Looking now to AC technology, one of the biggest opportunities that digitalization could offer the steel industry is enabling the use of AC variable speed drives. These can be used to significantly improve performance of travelling overhead (bridge) cranes that lift and transport heavy products like slabs and coils.

AC variable speed drives can more smoothly and efficiently move the crane itself along its rails, as well as shift the lifting carriage back and forth and raise or lower materials.  And if integrated as part of an autonomous crane system, crane operations are not only more efficient and safer, but they also increase crane availability up to 99,5% thanks to the reduction in mechanical stress and wear and the resulting reduction in equipment maintenance and repairs.

So today, when upgrades are anticipated, it requires a different approach to the one traditionally taken. It has to be seen as an opportunity to modernize and transform the business, not just to replace old and problematic equipment.  I’m not talking about the future here but what’s happening right now in the market. Europe with Industry 4.0 and Asia with the China 2025 program have already taken major steps forward.  Steps which have enabled autonomous operations with true unmanned automatic cranes that are connected to the ERP of the facility and therefore completely integrated into the supply chain, all with very reasonable ROIs.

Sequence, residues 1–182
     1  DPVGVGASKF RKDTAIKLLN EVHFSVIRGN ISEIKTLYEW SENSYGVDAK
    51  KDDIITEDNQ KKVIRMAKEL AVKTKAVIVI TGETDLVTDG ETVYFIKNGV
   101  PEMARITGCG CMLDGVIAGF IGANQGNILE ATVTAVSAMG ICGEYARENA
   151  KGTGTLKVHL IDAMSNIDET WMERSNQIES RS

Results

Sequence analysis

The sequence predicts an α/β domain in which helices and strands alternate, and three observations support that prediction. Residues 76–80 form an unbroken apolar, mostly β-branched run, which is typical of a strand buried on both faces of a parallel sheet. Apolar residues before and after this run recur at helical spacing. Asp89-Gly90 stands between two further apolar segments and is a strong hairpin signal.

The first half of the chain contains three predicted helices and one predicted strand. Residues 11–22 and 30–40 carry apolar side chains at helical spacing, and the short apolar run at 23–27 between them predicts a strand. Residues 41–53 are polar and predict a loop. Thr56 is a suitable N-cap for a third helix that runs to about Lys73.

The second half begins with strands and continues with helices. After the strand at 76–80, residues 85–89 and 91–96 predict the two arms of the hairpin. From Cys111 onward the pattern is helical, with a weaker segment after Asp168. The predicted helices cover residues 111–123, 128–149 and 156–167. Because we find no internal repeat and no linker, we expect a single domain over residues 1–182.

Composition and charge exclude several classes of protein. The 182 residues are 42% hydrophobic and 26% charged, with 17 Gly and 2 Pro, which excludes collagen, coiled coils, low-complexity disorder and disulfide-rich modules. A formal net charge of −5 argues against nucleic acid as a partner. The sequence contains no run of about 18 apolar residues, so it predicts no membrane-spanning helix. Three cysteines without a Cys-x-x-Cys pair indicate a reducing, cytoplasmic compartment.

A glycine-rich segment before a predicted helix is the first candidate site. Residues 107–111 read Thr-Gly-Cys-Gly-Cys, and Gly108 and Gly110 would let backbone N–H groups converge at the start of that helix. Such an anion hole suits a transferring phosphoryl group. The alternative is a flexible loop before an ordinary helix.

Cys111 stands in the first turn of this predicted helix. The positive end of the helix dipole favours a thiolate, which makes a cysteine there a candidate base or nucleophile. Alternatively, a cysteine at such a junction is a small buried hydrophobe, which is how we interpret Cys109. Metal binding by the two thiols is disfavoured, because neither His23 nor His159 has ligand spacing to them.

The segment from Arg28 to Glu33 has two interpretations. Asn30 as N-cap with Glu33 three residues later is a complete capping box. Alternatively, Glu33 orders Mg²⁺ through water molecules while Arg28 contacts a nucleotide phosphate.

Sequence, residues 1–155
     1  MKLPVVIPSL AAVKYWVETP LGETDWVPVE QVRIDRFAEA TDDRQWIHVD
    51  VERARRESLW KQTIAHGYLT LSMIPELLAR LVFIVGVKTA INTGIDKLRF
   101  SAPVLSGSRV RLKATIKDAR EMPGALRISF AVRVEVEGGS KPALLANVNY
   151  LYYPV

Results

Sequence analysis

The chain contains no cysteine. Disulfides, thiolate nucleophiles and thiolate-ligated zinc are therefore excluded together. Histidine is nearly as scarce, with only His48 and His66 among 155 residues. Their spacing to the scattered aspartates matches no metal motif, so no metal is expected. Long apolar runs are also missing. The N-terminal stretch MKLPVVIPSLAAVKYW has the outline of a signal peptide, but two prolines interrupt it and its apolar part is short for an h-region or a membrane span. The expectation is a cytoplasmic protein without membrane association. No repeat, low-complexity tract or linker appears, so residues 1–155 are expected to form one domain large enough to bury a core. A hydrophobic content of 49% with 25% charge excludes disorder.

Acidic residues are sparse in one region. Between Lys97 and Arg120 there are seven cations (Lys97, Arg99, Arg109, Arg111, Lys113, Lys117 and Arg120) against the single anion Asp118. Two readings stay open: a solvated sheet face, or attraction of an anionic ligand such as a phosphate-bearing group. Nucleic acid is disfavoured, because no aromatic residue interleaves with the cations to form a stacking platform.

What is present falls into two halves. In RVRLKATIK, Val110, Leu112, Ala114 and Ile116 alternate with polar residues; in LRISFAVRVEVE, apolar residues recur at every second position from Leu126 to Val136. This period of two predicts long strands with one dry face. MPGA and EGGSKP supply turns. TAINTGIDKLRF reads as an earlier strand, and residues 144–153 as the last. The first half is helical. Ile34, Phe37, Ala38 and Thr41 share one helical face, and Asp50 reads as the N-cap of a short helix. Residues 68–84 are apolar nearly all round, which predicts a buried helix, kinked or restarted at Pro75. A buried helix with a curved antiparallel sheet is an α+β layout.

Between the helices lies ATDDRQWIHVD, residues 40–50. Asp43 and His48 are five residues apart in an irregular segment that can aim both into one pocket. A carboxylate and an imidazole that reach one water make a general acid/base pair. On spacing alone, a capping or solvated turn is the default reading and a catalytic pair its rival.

If you are interested in learning more, we are offering an informative webinar on April 9th on the technology behind crane modernization and autonomous cranes.  To join us, please register here.

The post AC/DC: Is the Digital Transformation Music to the Ears of the Steel Industry? appeared first on Schneider Electric Blog.